The Security Ministry’s recent authorisation of Argentina’s first and the world’s largest cannabis farm in Jujuy paves the way for a new export industry in Argentina – but it has also caused controversy, with accusations of nepotism and conflict with the government’s drug policy coming to the fore.
The announcement comes in the midst of an aggressive war on drugs launched by President Mauricio Macri’s government, which has regularly sought to publicise the Security Ministry’s record of arresting drug-traffickers and its seizure of illegal drug shipments. Set in that context, the move to grant Jujuy province the first license to produce marijuana in the country – albeit for medicinal use – unsurprisingly raised a number of eyebrows.
But even more surprising was one of the faces behind the project: one Gastón Morales – the son of Jujuy province Governor Gerardo Morales.
The pilot programme, a joint venture between the US company Green Leaf Farms and Morales’ firm Cannabis Avatara, will purportedly use between 5 to 15 hectares of provincial government land to produce and cultivate cannabis.
According to the parent company of Green Leaf Farms, Player’s Network Inc, the project will eventually be the largest legal cannabis cultivation project in the world, almost 1,000 times greater than the largest legal cannabis farm in the United States. Player’s Network, which was previously engaged in projects in California, has pulled out a planned acquisition to focus its business on Argentina.
It was last August that Governor Morales submitted a request for a cannabis farm licence, requesting to study and investigate the medical use of marijuana, derivatives and other non-conventional medical treatment under Law 27.350, put into effect in 2017. The Security Ministry said that before granting the licence, it carried out an exhaustive technical analysis with federal forces, concluding that the proposed site, the Pongo farm based in the Jujuy town of Perico, had the necessary security and fulfilled the legal national and provincial requirements. Now with the licence in hand, the development of the pilot programme is underway.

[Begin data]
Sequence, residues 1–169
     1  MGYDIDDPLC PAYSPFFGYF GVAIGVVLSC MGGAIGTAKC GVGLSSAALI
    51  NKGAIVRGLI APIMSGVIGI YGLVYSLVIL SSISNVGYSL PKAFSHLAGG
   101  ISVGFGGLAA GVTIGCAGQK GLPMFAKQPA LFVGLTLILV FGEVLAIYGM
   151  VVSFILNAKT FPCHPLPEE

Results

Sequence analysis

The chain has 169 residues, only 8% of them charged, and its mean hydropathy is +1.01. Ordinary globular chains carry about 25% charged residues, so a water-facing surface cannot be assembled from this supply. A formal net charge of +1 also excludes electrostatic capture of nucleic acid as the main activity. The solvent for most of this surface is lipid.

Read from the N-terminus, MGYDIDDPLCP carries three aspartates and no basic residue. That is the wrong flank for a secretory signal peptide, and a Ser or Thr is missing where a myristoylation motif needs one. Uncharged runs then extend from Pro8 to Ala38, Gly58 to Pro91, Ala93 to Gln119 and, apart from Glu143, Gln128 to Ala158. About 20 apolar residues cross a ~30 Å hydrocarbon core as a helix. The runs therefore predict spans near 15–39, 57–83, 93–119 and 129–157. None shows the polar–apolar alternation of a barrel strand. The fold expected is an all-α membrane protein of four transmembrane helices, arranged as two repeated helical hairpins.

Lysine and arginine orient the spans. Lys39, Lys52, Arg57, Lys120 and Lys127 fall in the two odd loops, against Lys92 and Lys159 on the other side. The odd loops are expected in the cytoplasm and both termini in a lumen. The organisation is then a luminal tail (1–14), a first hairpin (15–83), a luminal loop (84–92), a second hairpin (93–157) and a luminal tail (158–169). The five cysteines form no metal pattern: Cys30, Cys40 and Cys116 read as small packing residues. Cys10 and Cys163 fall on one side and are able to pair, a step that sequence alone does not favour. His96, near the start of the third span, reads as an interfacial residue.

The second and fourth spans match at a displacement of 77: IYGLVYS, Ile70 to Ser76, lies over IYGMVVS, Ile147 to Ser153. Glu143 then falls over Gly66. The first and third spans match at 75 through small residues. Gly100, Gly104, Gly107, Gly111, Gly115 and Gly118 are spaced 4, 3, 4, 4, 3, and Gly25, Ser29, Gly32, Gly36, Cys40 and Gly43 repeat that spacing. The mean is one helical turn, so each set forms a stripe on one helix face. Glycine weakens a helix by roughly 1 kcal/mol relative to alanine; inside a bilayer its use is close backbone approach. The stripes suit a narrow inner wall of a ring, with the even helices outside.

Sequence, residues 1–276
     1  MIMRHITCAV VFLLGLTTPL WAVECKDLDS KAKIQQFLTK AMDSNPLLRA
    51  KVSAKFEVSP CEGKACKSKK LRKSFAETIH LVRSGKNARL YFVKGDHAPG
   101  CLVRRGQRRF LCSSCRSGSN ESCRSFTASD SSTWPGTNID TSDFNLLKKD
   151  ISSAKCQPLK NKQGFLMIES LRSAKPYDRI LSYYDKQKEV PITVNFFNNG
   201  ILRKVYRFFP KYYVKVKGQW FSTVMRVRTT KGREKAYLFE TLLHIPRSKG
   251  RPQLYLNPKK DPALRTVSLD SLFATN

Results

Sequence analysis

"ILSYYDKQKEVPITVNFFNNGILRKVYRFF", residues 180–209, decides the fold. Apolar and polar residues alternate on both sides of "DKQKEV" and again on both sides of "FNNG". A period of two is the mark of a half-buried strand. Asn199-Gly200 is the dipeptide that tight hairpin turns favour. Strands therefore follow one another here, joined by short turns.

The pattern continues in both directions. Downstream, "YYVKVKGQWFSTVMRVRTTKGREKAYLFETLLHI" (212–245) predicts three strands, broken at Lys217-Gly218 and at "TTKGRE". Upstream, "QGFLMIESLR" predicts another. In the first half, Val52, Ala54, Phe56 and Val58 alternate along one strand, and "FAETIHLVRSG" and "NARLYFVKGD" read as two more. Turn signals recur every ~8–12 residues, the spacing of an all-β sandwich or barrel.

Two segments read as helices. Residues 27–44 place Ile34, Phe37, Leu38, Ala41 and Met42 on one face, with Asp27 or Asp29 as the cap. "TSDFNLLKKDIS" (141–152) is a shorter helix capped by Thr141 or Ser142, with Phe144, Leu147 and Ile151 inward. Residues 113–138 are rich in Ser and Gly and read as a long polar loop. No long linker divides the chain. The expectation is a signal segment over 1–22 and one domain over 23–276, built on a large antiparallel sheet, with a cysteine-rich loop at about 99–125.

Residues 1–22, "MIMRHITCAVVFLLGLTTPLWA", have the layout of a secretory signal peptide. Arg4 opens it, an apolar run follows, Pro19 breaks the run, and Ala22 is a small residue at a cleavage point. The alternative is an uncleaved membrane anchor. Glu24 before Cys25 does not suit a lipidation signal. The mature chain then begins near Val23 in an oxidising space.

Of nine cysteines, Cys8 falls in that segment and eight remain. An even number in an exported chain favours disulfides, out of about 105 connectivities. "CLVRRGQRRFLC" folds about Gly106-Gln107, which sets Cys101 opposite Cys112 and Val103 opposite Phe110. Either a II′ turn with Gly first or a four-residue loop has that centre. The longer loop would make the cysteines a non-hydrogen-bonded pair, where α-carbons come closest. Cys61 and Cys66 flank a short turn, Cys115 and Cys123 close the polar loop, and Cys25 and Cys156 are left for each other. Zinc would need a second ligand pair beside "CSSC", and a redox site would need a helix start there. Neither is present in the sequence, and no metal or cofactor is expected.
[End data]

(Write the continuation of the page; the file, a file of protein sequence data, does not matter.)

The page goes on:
“The joint venture is expected to be completed in June and will have the necessary conditions to start cultivating marijuana at an industrial scale of over 500 hectares in the next five years and begin producing oils for medical purposes by August, November,” Morales said in an interview with Télam.
The first wave of production will have between 20 and 30 different varieties of medical marijuana, according to Morales. He also stressed that what is grown at the firm will be used for medical purposes, though the Players Company has said other uses are also in mined.
In a press release published last November, the firm wrote: “The joint venture has obtained permits to cultivate, extract, manufacture and export cannabis-based products to other countries where such products are legal.”
Exports will include industrial hemp, medical and adult use marijuana to the United States, Canada, and other emerging international markets, reports have suggested.
While some experts rushed to praise the government for evaluating the market and potential products, others have criticised the use of public resources for the gains of a private company.
“The law suggests that the Institute of National Farming Production Technology (INTA), Argentina’s Research Institute, CONICET, and public laboratories would dedicate themselves to the production of cannabis,” physiological sciences doctor Luis Acosta told Perfil.
Acosta explained that the problem is that key government organisations aren’t involved because they are underfunded, have been dismantled or now don’t function.
“Instead the government is forming agreements with foreign
companies – such as the case with
the son of the Governor of Jujuy
- where the state provides land
and security while they obtain
revenue,” the doctor explained.